The narrow tunnels were turned into different rooms for the REC including meeting space, offices and a telephone exchange which connected the station to other government departments and important railway locations.
Accommodation was built for 40 staff who worked in shifts, and they were able to use dormitories, washrooms, toilets and dining facilities which look decrepit now but were seen as reasonably comfortable at the time.
The REC worked on a 24/7 basis with most of its workers living, eating and sleeping in shift patterns of ten to 12 days, with the aim of avoiding attention by people constantly going in and out of the doorway at street level.
Senior executives could also make the most of an executive mess room and private bedrooms, both of which were put to use by Churchill, who was known to have enjoyed brandy, cigars and other luxuries there.
Churchill’s assistant private secretary John Colville described Down Street as ‘the safest place’ during the Blitz, and the PM is known to have dined with members of the REC and War Cabinet in the mess in November 1940.
And Down Street continued to be the REC’s headquarters for two years after the war had ended, managing the movement of troops and equipment until it was disbanded in December 1947 when the railways were nationalised.
Siddy Holloway, who is engagement manager for the Hidden London programme which is run by the museum, took MailOnline on the tour on Monday and said: ‘If these walls could speak, they would tell us all sorts of stories.’
Signage displaying which offices were located where within the station at Down Street is now nearly barely visible
A dusty passageway and steps at Down Street station is among the features that those going on the tour will be able to see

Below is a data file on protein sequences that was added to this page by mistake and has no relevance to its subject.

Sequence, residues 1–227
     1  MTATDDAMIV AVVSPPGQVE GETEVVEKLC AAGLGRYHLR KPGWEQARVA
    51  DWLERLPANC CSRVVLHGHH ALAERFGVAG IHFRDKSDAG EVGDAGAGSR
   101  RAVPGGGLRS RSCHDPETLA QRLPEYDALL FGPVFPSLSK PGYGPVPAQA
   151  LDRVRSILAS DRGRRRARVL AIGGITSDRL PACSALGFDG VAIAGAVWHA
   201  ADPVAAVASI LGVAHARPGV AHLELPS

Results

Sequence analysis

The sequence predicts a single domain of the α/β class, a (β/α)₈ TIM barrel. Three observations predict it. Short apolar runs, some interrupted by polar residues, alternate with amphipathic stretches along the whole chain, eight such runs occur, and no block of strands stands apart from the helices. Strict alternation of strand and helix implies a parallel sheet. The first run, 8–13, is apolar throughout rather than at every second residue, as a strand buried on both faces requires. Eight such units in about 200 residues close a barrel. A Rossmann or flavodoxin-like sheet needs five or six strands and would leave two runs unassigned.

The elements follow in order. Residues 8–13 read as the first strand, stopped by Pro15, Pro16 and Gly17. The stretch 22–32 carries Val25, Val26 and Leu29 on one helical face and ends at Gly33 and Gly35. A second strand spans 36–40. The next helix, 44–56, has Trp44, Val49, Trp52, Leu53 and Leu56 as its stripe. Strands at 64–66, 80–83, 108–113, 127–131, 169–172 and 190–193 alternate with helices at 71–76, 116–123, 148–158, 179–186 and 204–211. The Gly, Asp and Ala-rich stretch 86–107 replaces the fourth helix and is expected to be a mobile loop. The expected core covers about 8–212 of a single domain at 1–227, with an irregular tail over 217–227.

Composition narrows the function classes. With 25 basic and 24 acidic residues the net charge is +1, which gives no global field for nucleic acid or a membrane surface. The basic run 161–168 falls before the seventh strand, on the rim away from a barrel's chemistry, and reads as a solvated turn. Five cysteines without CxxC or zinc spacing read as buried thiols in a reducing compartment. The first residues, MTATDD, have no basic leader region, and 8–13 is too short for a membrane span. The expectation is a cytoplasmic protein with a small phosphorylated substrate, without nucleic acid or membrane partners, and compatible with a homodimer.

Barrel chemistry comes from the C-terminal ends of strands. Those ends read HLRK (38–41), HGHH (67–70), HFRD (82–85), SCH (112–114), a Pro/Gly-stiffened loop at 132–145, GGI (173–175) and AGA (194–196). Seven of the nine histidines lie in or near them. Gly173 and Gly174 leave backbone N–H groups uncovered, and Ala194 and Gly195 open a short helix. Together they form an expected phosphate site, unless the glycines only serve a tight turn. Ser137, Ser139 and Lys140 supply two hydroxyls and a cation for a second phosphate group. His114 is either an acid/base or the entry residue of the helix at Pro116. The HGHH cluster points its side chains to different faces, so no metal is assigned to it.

Siddy Holloway from the Museum of London walks through one of the tunnels that used to be used by passengers
Old signage and doorways to rooms at Down Street station which was converted into a wartime operations hub in 1939
Signage at platform level of Down Street station which was installed for the benefit of workers after the station was closed
Yellow paint on the walls of one of the rooms at Down Street station – which was a common colour inside wartime buildings
One of the washbasins in a bathroom at Down Street station which was installed when it was converted for the war in 1939
Siddy Holloway from the London Transport Museum stands on what was once the platform level at Down Street station
The remains of the telephone exchange infrastructure which was installed at Down Street station for its wartime usage
A lamp and ventilation unit can be seen on the ceiling on one of the rooms within the converted Down Street station
Siddy Holloway from the London Transport Museum examines one of the lights in a passageway at Down Street station
The yellow-painted walls below a ceiling of one room at Down Street station which was used during the Second World War
One of the narrow passageways at Down Street station in London’s Mayfair which are located at platform level